The Dear White People writer-director returns to Sundance six years later with a 'quintessentially black American' story in Bad Hair.
“I’m a hot mess,” the 36-year-old writer-director tells EW. “I haven’t slept in days.”
See, six years ago, he made a splash with his satirical college movie Dear White People, which won the U.S. Dramatic Special Jury Award for Breakthrough Talent. Now, Simien is heading back to Park City, Utah with a long-gestating psychological thriller that is unlike anything he’s done before. “I’m anxious,” Simien continues. “I’m excited to share the movie with the world because I’ve been working on it for so long, and I’ve been excited about it for so long that I don’t even know how to feel my excitement for it anymore because I’ve literally been sitting on it and working on it for several years. I’m anxious to see what impact it makes on audiences.”
Set in 1989 Los Angeles, Bad Hair follows a young black woman named Anna Bludso (Elle Lorraine), who is trying to rise up the ranks of a music video TV show. In order to impress her new boss (Vanessa Williams), she gets a weave, which of course turns out be a killer weave. “It is sort of doing very well for her career by day, but there is a hidden toll to pay at night,” says Simien. “It’s a psychological social thriller that is a commentary on the American experience and the kind of quiet little deaths we all have to endure to advance and be seen by mainstream society.”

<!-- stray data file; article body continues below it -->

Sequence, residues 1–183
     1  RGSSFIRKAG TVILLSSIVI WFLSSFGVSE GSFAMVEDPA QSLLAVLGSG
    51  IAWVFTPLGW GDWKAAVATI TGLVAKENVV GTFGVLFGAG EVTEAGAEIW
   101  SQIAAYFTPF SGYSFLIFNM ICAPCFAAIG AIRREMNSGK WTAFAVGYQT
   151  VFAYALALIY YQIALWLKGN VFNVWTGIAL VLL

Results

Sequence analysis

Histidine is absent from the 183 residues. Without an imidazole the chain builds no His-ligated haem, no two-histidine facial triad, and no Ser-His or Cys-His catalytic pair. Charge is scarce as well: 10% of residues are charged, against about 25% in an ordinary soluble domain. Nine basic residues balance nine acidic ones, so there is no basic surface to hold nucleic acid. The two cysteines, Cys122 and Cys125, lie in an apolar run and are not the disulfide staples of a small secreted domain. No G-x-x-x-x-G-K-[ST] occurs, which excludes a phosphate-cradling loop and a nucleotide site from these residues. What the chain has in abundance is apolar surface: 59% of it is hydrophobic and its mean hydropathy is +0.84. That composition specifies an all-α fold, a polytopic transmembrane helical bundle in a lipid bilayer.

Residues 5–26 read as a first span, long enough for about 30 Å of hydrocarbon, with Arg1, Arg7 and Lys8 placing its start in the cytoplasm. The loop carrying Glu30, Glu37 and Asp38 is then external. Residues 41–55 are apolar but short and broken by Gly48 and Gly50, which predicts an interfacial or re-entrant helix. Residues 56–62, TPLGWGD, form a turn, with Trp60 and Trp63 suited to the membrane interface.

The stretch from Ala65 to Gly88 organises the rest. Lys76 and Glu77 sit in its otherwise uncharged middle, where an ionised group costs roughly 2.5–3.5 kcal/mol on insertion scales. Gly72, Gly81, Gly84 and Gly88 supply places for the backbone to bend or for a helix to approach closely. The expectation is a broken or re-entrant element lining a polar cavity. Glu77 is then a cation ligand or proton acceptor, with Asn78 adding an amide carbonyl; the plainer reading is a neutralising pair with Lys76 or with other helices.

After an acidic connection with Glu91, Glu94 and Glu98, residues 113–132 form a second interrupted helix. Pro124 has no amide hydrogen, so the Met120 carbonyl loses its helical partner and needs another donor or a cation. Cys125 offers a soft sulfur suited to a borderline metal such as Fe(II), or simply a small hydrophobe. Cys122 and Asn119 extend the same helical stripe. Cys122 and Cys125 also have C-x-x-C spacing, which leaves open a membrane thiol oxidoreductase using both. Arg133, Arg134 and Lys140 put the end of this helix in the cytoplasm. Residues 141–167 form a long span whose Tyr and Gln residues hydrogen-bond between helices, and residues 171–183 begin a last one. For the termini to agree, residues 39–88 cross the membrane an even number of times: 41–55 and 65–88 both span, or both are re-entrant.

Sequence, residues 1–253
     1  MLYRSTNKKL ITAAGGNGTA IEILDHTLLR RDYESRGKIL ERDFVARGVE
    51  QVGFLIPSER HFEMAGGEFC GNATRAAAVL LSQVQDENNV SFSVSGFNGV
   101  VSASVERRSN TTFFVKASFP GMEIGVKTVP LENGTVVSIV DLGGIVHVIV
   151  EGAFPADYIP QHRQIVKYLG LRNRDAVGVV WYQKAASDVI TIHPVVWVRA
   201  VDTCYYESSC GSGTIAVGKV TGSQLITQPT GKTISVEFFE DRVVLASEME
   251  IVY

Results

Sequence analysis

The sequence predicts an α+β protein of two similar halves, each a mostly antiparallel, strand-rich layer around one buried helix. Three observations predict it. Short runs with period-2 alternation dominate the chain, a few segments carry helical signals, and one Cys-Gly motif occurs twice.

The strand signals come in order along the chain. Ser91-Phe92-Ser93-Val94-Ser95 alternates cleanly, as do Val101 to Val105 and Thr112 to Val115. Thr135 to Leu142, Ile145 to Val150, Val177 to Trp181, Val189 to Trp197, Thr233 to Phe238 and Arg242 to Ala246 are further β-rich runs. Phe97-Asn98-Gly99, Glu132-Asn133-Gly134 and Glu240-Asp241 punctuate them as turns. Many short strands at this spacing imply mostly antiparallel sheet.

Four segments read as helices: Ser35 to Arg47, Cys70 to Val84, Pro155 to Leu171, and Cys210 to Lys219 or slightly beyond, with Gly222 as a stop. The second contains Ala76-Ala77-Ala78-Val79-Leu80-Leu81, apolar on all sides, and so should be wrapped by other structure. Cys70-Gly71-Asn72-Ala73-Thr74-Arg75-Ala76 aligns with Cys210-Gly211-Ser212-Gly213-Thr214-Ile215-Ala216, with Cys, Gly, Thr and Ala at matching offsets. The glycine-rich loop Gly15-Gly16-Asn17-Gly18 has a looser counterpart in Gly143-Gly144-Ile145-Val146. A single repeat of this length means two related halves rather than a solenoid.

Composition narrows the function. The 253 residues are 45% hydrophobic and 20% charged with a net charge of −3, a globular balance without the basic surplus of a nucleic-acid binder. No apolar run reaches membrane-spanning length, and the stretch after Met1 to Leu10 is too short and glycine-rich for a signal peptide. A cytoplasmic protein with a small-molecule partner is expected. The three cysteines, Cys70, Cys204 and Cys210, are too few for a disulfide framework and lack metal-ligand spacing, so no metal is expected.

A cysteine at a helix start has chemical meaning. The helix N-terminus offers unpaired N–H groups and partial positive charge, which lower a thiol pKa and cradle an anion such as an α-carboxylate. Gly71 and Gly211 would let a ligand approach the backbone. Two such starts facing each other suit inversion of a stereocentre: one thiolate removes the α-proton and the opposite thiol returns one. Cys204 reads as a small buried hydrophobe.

Below, EW chats with Simien about the surprising inspiration behind the film, how it renewed him creatively, and how it influenced his approach to the final season of Dear White People.
ENTERTAINMENT WEEKLY: I know you’ve been working on this movie for quite some time. How did you come up with this idea?